The December quarter national accounts are out later today and will likely show growth of around 2.4% to 2.6% quarter on quarter but GDP at the end of 2020 will still be down around 1.8% over the year.
Trade and government finance data yesterday for the December quarter confirmed a small detraction to growth of the GDP from he current account and another contribution from government assistance programs (although no estimate was provided).
With solid contributions from profits, household consumption but weak spending on corporate investment, economists think GDP growth slowed from the 3.3% in the September quarter to an average of 2.5% in the final quarter of 2020.
Australia’s current account though remains solid – it was the seventh consecutive quarterly surplus in the three months to December and increased $3.8 billion to $14.5 billion (seasonally adjusted), according to the data from the Australian Bureau of Statistics on Tuesday.
At the same time the current account data shows Australian investors resumed offshore spending on assets in the three months to December after selling down foreign holdings in the six months to September to help finance early super releases.
That was positive news and shows investors large and small have regained confidence after the hits taken in the pandemic.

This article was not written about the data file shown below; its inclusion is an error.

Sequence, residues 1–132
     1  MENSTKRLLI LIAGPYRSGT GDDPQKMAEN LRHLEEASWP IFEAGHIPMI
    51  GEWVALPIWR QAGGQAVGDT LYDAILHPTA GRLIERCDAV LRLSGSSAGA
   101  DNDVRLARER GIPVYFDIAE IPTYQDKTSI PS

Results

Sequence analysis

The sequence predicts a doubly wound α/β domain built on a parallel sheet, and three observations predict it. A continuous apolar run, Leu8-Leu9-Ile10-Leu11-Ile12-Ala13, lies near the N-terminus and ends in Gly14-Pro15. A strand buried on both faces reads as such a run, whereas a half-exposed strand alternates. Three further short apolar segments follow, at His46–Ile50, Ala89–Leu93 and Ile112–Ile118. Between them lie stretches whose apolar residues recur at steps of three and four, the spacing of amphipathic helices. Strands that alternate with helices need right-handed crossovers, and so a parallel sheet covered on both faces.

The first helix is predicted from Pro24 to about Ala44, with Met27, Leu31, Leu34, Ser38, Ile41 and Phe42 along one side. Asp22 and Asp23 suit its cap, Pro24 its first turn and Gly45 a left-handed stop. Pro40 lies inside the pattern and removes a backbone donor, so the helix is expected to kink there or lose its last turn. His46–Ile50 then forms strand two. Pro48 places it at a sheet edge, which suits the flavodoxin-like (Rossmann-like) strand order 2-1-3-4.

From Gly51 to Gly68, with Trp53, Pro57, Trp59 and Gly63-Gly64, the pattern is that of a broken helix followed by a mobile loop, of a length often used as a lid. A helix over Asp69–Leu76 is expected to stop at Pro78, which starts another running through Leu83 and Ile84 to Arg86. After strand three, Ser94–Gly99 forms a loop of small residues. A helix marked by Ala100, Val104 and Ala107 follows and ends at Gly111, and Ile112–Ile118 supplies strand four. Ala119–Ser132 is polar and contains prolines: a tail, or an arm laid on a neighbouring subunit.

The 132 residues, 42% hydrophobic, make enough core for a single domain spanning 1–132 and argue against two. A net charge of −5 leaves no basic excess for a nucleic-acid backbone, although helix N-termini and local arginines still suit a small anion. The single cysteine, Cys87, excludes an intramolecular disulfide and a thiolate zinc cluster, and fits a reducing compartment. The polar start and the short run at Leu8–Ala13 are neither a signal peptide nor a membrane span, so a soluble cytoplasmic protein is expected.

The balance on goods and services surplus in the December quarter 2020 was $18.1 billion, a rise of $4.4 billion on the September quarter 2020 surplus.
“Exports of goods and services rose $7.9 billion (8 per cent), while imports of goods and services rose $3.5 billion (4 per cent). The deficit on net primary income increased to $3.2 billion in the December quarter 2020, up $0.4 billion on the September quarter 2020.
The impact on December quarter GDP won’t be positive – the ABS thinks it will detract from growth by a small 0.1% because in seasonally adjusted chain volume terms, the balance on goods and services surplus fell $500 million, cutting the surplus to $11.8 billion.
Andrew Tomadini, the ABS head of International Statistics said: the seventh consecutive quarterly Current account surplus, in the December quarter 2020, “as driven by strong exports of Australia’s metal ores (up $3.7 billion) and cereal grains (up $1.3 billion) on the back of favourable growing conditions in late 2020.”
“Imports grew in December quarter 2020 driven by increased demand for consumption goods, while the Australian Government’s instant asset write-off appears to have increased demand for capital goods such as industrial transport equipment, capital goods nes and machinery equipment”.
The Financial account deficit rose $4.3 billion to $9.8 billion in the December quarter, “driven mainly by Australian funds continuing to increase investment activity in overseas markets.
“This follows the March and June quarters of 2020 which saw superannuation funds, in particular, selling off foreign equity holdings to provide liquidity for the COVID-19 Early release of superannuation program.” the ABS said.
The increase in December quarter 2020 was partially offset by strong foreign investment in Australian government securities. The Financial account deficit and the offsetting valuation increases of $7.3 billion, resulted in Australia’s net International Investment liability position decreasing by $2.4 billion to $947.2 billion at 31 December 2020.”